A new national survey of Disability Support Workers (DSWs) has found that workers are facing financial hardship, uncertainty and risking illness during the ongoing COVID-19 pandemic.
Researchers from the University of Melbourne Disability and Health Unit and the University of New South Wales Canberra conducted an online survey of 357 Australian DSWs between late May and June 2020 about their experiences working during the pandemic.
Respondents ranged from 18-75 years of age, and 83 percent were women.
DSWs were asked about how they managed physical distancing, COVID-19 infection control training, access to Personal Protective Equipment (PPE), testing, who they worked with and where they provided support as well as the financial and psychological impacts of working during COVID-19.
Of those who took time off from work due to illness, only 47 percent were paid, which researchers say reflects the workforce’s casual nature.
Thirty-four percent of respondents said they faced financial difficulties like not being able to pay an electricity, gas or phone bill on time or being unable to pay their rent.
Researchers noted that like aged care and other health care workers, DSWs are not able to physically distance while working.
The survey noted that DSWs worked with an average of six people with disability in the week before the survey.
The survey also found that there has been a lack of infection control training, high psychological distress levels, as well as concerns about illness. Other findings include:
Twenty-three percent of DSWs had not received any COVID-19 infection control training. Of the 77 percent who did receive training, 48 percent would like more.
Twenty-three percent of respondents have been tested for COVID-19 infection, and 11 percent wanted to be tested.
Fourteen percent worked for more than one provider, and six percent worked in both the aged care and disability sector.
Twenty-seven percent cancelled shifts because they were worried about COVID-19 infection and 35 percent had shifts cancelled by clients or employers due to fear of COVID-19.
Sixteen percent reported high psychological distress levels consistent with serious probable mental illness.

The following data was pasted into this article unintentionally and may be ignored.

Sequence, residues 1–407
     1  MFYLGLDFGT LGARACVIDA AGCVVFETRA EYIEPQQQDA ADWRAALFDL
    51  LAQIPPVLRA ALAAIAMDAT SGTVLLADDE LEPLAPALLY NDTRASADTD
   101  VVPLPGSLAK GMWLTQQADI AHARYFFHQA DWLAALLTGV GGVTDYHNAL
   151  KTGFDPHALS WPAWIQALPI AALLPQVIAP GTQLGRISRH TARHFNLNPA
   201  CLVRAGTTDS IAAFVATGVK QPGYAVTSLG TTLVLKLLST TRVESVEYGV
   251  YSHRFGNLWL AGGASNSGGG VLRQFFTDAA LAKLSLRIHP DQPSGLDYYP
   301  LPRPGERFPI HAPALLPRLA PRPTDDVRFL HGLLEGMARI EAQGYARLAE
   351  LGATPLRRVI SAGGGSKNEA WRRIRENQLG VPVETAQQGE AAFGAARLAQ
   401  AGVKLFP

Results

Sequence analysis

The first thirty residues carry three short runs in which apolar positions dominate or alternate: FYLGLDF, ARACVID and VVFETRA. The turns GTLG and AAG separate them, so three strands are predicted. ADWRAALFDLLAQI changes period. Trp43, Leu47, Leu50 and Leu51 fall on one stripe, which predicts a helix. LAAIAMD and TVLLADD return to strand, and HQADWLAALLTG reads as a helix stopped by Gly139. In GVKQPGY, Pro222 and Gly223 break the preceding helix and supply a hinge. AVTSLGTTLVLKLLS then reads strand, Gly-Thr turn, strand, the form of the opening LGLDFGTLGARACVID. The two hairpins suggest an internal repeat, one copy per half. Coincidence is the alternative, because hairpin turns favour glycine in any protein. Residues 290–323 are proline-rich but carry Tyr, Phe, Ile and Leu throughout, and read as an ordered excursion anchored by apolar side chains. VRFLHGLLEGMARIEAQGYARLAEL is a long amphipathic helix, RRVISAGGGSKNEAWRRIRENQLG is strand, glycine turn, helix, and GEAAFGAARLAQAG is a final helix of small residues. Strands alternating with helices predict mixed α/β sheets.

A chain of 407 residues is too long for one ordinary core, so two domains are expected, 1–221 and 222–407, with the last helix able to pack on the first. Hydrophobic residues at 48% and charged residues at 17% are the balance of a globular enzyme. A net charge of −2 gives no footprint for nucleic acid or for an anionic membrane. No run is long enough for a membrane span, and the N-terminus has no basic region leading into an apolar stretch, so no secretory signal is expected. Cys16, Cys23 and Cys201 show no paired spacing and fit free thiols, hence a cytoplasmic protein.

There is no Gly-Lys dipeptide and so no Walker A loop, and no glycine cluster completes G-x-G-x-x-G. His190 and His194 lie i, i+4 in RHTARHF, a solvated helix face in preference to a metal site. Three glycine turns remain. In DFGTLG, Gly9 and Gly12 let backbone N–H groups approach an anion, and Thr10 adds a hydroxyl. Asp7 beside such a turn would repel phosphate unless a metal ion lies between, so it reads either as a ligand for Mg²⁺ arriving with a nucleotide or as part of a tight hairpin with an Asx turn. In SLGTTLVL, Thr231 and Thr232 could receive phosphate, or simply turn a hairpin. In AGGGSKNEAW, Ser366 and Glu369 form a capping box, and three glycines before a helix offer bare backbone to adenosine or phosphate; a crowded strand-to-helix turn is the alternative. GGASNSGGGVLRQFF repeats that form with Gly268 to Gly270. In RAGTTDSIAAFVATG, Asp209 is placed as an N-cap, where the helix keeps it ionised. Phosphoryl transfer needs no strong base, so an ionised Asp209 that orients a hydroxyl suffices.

The researchers made 11 recommendations to help reduce the impact of COVID-19, including updating Personal Protective Equipment (PPE) guidelines, making sure DSWs receive required training and ensuring there is access to pandemic leave.
You can read the recommendations made and the full report here.
Workers facing “very real difficulties”
With COVID-19 cases rising across Victoria and New South Wales, the threat of COVID-19 continues, and Disability Support Workers are in a serious situation.
Lead researchers Dr Ashley McAllister, Research Fellow in Disability and Health and Professor Anne Kavanagh, Chair of Disability and Health at the University of Melbourne, say that the situation in Victoria is serious with COVID-19 cases being recorded among people with disability in group homes and among support workers.
Professor Kavanagh says, “This presents very real difficulties for workers with little or no training who now have to implement meticulous infection control procedures and use full PPE.
“Some people with disability, particularly those with psychosocial, autism and/or intellectual disabilities, may find it very challenging to self-isolate or quarantine and may have difficulties with personal hygiene and physical distancing.
“Further, workers are themselves having to self-isolate or quarantine because they are infected or are a close contact of a case. This means that familiar workers are no longer available to support infected clients at a very stressful time.”
Worried about “protecting the people I work with.”
Disability Support Worker, Kristy, says that the way she works has completely changed since the outbreak of COVID-19.
“My work has completely changed since COVID. The day service I work in has closed. I am now working across multiple group homes. Every day we get new advice on what to do, and that is stressful. I am worried about protecting the people I work with as many have health problems, and if they got COVID, they would really be at risk of dying from it.
“In one home I worked, residents were isolated after testing, and many workers didn’t want to work because they were worried about their own or a family member's health. Imagine what could happen if one of the residents had tested positive. If regular workers aren’t working, then that will be really difficult for many people with disability who are already stressed by COVID and the restrictions on what they do.
“I feel like the government has forgotten about people with disability and support workers. All the attention is on aged care, but disability services have the same risks, even worse perhaps because so many of the people have other health problems."